“A sexual athlete is not likely to find sufficient energy for work of another athletic kind, and the acting of great parts most definitely was and always will be athletic, depending on inner if not on visible energy. Members of other professions that depend on the expenditure of physical energy must, I believe, find similar difficulties when attempting to double up on their energies. One has often heard that the most magnificent specimens of boxers, wrestlers and champions in almost every branch of athletic sport prove to be disappointing upon the removal of that revered jockstrap.”

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“Above all, you must remain open and fresh and alive to any new idea.”

“Acting is a masochistic form of exhibitionism. It is not quite the occupation of an adult.”

“Acting is illusion, as much illusion as magic is, and not so much a matter of being real.”

“Acting, is not a profession for adults.”

“Art is a little bit larger than life – it’s an exhalation of life and I think you probably need a little touch of madness.”

“Autograph-hunting is the most unattractive manifestation of sex-starved curiosity.”

“Don’t be afraid to be outrageous; the critics will shoot you down anyway.”

“Don’t waste your time striving for perfection; instead, strive for excellence – doing your best.”

“Have a very good reason for everything you do.”

“I am far from sure when I am acting and when I am not or, should I more frankly put it, when I am lying and when I am not. For what is acting but lying and what is good acting but convincing lying?”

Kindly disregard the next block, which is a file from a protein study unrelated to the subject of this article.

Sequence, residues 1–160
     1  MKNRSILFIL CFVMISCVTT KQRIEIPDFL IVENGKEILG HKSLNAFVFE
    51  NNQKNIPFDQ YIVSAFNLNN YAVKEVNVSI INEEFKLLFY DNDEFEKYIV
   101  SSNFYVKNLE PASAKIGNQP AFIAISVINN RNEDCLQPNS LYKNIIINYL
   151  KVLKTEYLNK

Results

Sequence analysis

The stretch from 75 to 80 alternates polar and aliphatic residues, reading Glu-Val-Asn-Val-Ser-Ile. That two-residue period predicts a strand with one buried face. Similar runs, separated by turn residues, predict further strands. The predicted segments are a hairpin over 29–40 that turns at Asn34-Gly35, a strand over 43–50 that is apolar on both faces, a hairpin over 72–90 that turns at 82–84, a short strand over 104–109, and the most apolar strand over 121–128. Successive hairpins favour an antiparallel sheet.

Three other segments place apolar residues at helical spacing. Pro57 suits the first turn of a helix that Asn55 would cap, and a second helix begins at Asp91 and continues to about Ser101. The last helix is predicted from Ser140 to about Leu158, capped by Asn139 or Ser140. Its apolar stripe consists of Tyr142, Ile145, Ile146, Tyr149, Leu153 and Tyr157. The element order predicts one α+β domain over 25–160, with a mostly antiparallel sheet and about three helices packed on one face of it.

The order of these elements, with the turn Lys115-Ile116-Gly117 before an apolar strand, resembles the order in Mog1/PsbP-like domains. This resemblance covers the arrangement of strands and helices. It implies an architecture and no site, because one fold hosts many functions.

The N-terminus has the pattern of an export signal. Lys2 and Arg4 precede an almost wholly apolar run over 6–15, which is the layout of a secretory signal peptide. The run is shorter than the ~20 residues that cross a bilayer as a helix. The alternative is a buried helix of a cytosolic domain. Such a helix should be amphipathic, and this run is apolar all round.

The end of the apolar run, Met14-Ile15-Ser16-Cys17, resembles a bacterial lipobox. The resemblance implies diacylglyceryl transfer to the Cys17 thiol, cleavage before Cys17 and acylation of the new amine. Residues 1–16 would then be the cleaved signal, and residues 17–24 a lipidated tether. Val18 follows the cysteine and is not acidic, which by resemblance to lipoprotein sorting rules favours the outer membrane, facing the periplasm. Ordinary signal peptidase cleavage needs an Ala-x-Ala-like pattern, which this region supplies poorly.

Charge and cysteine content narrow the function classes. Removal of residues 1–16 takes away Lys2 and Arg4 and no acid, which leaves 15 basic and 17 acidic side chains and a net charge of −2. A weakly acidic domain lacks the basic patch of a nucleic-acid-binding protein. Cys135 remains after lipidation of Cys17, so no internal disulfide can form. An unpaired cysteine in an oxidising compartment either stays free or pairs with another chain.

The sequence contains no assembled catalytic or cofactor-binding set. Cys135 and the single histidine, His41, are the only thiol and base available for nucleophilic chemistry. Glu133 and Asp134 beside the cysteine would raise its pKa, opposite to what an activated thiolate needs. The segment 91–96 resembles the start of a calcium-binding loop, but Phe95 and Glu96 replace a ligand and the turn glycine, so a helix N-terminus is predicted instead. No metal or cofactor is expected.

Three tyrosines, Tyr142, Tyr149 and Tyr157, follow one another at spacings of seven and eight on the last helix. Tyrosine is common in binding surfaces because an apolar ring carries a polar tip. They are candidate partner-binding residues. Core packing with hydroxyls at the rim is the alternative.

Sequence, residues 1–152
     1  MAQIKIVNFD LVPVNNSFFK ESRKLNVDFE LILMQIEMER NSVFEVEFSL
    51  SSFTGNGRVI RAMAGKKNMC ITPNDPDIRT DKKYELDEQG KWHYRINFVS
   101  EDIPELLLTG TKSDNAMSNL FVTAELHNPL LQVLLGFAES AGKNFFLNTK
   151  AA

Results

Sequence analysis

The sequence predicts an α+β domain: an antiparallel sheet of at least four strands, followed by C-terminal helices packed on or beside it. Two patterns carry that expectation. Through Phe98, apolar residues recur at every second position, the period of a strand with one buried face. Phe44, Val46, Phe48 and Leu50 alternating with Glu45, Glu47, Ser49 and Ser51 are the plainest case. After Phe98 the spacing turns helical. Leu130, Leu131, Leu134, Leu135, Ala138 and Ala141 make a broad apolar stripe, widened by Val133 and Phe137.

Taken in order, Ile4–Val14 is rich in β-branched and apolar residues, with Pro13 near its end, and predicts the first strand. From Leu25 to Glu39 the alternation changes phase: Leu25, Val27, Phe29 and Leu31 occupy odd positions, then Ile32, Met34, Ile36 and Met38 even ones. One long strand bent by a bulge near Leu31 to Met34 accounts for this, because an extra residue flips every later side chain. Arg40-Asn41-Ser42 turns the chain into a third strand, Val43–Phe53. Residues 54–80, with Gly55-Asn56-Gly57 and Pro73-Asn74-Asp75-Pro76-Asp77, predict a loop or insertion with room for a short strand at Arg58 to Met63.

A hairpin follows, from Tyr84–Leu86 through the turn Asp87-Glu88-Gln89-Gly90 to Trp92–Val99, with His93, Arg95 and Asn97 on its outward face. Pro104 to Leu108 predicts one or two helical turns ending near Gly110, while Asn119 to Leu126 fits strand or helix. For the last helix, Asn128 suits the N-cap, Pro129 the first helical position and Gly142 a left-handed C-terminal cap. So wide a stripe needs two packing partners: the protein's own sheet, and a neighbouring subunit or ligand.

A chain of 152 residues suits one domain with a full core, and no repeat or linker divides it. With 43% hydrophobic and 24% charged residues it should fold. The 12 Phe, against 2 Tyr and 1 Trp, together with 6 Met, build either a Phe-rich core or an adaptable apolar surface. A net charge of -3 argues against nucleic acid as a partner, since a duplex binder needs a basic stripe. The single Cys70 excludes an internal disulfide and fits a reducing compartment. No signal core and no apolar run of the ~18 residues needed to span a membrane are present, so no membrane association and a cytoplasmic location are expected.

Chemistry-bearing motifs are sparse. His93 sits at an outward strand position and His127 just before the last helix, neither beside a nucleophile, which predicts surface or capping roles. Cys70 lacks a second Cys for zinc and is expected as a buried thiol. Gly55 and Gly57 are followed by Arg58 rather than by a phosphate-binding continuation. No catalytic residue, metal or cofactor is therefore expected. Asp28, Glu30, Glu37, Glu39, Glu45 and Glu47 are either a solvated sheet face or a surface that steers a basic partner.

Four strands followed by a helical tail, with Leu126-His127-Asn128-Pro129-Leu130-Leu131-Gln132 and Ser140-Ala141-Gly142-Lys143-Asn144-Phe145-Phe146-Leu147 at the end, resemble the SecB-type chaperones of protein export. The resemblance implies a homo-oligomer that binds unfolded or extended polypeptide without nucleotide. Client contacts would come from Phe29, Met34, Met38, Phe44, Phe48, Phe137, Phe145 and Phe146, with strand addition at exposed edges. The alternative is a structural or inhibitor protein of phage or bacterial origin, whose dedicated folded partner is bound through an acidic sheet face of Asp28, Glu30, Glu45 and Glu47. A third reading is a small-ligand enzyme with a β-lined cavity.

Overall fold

“I believe in the theater; I believe in it as the first glamorizer of thought. It restores dramatic dynamics and their relations to life size.”

“I believe that in a great city, or even in a small city or a village, a great theater is the outward and visible sign of an inward and probable culture.”

“I don’t know what is better than the work that is given to the actor – to teach the human heart the knowledge of itself.”

“I have to act to live.”

“I often think that could we creep behind the actor’s eyes, we would find an attic of forgotten toys and a copy of the Domesday Book.”

“I should be soaring away with my head tilted slightly toward the gods, feeding on the caviar of Shakespeare. An actor must act.”

“I take a simple view of life: keep your eyes open and get on with it.”

“I’d like people to remember me for a diligent expert workman. I think a poet is a workman. I think Shakespeare was a workman. And God’s a workman. I don’t think there’s anything better than a workman.”

“If he was lost for a moment, he would dive straight back into its honey.”

“If I wasn’t an actor, I think I’d have gone mad. You have to have extra voltage, some extra temperament to reach certain heights.”

“If you’re an artist, you’ve got to prove it.”

“I’m rather bored by the subject – meaning me. It’s a sort of a yoke, but at times you know, a yoke is a kind of comfort. And it’s always there.”

“In spite of a heavy disguise, a few days’ growth on my face, dark glasses, a beret and one of William’s jackets that fitted me not at all, as I emerged from a hotel in Lecce, a young fisherman pointed me out to his friends and said “Lavrenche Olivaire.” It was not all that amazing; if you’re not known in Italy, you’re not known anywhere.”

“In the great wealth, the great firmament of your nation’s generosities this particular choice may perhaps be found by future generations as a trifle eccentric, but the mere fact of it . . . the prodigal, pure, human kindness of it . . . must be seen as a beautiful star in that firmament which shines upon me at this moment, dazzling me a little, but filling me with warmth of the extraordinary elation, the euphoria that happens to so many of us at the first breath of the majestic glow of a new tomorrow.”